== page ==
I found the book a bit uneven. The first third of the book was all about romanticizing the values of the Depression era while vilifying the modern day ("modern day" being the mid-90s when the book was written--heaven only knows what Mary Pipher thinks of our world now). She talks about how happy her grandparents were growing up on the Nebraska prairie, and contrasts it wit
c 1996 trade paper

from the library computer:
Kirkus Reviews

~ Psychologist Pipher (Reviving Ophelia, 1994) provides a sharp, often unsettling critique of many of the values that currently define our lives, coupled with solid advice for rebuilding families. Maintaining that ``much of our modern unhappiness involves a crisis of meaning and values,'' Pipher contends that technology and consumerism have become the gods of the '90s. Hours spent viewing cable television programs and commercials not only
Sandra Pedicini
Even though this book was written in the 1990s, I was intrigued by the title and premise of it so I decided to read it. Mary Pipher is a beautiful writer, a natural storyteller with a gift for telling detail, so that kept me reading the book when I otherwise probably would not have. It just seemed a bit overwrought to me, and really is more appropriate for a troubled family seeking answers. Much of the book focuses on therapy. She seemed to separate families into two extremes. There's the kind t ...more
Adrienne Sweat
Mar 30, 2016 rated it did not like it
I actually couldn't even make it through the first chapter. I was so hoping this book would be valuable. But I just can't get over how much Pipher generalizes and makes broad statements about families as if all families are the same. I feel like her views on family and what makes or breaks them, as well as people individually, is so heavily biased by the small set of people she works with, that it leaves little room for the diversity that exists in North America alone. But perhaps that's because ...more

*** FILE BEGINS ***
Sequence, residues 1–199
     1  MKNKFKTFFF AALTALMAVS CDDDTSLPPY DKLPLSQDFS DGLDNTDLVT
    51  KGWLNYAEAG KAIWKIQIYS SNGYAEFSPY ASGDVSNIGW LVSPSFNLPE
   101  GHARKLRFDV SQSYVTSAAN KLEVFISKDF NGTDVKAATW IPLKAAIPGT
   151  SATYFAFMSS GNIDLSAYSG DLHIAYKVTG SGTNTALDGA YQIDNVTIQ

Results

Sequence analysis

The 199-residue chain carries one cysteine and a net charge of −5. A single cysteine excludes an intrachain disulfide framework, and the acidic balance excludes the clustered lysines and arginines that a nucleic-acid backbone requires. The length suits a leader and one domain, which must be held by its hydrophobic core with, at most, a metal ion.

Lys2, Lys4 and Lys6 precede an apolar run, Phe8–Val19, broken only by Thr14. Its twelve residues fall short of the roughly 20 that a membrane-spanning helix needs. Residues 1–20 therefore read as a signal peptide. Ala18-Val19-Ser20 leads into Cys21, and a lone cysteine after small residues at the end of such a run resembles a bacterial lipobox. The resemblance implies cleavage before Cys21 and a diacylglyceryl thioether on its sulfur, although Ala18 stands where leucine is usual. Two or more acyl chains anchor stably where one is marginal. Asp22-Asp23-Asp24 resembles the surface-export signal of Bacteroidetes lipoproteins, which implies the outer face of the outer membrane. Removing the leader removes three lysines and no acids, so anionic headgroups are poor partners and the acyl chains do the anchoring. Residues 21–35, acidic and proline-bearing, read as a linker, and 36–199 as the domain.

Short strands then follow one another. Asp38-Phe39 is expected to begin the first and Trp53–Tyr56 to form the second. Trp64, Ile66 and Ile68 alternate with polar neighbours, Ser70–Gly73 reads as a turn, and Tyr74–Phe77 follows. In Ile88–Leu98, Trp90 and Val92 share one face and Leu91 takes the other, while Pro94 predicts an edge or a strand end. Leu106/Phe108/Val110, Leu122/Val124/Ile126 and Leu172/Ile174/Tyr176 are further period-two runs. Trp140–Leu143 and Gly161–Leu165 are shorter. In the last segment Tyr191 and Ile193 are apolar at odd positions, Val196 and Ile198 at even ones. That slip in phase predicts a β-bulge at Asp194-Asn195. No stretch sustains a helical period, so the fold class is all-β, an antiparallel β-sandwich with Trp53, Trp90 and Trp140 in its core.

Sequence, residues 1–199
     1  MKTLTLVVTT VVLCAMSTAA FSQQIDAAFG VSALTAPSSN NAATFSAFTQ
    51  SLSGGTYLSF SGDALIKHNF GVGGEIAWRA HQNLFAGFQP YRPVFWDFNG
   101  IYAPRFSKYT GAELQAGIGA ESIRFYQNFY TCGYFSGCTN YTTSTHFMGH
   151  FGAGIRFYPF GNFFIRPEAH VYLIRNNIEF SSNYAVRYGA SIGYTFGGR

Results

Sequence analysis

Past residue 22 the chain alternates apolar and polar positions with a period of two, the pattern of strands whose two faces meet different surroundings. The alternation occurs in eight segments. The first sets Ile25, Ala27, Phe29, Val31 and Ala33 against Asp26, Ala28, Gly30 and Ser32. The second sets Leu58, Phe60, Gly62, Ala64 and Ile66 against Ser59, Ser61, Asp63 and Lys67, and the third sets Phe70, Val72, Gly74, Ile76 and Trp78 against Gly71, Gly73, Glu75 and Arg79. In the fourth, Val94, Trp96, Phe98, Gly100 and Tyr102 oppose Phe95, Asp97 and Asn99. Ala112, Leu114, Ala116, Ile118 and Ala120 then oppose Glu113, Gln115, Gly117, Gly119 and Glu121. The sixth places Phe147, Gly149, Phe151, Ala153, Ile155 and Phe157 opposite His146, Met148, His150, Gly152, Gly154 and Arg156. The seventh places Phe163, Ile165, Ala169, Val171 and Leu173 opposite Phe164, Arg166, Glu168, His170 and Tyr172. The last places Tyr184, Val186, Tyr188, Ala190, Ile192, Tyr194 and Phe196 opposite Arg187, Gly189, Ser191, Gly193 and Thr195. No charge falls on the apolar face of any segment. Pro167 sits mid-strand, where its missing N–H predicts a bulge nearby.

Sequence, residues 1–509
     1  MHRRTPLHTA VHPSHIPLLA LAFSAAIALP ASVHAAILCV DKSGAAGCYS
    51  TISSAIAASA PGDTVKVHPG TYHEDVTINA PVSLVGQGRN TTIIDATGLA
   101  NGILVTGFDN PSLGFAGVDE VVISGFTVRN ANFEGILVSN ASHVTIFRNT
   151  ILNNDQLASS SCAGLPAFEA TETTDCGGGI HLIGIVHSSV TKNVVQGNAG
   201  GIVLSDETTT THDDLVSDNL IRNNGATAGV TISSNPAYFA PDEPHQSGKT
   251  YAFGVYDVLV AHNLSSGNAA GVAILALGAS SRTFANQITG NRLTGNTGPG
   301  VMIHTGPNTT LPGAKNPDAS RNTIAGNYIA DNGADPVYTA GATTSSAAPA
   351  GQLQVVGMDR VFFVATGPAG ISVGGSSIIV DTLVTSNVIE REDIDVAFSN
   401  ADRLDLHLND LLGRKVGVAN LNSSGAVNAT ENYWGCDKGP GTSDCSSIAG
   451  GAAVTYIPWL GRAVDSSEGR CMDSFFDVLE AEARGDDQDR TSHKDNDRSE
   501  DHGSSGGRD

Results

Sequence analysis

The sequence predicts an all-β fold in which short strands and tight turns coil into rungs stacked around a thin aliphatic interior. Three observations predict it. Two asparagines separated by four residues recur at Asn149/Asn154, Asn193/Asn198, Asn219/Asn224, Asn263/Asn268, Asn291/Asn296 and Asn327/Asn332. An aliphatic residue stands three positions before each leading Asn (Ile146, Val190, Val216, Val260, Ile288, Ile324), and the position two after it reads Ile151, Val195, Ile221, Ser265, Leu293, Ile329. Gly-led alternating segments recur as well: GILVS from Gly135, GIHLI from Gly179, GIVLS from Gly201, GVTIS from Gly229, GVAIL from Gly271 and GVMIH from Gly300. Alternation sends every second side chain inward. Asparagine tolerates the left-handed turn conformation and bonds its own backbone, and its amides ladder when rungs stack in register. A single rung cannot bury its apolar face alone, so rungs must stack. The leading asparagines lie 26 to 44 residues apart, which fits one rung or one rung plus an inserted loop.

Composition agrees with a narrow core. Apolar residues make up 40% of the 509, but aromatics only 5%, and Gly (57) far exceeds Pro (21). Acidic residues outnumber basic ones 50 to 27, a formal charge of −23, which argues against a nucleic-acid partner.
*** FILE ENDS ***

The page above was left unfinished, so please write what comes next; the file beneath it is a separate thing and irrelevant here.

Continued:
Sep 22, 2016 rated it really liked it  ·  review of another edition
My review of this is the same as for her other book, Reviving Ophelia. I give it 4 stars because the good stuff is SO GOOD. There is really fantastic, important cultural analysis throughout the whole book. I'm so glad I read it. But her writing style is a little...fluffy, as opposed to dense and concise. So that's a bummer to have to wade through at times. Still, it is totally worth the laborious sections.

Maybe I'm just an impatient reader, because I have this exact complaint about a lot of writ
Jul 31, 2007 rated it liked it  ·  review of another edition
Recommends it for: people that think the past was a better place
Shelves: nonfiction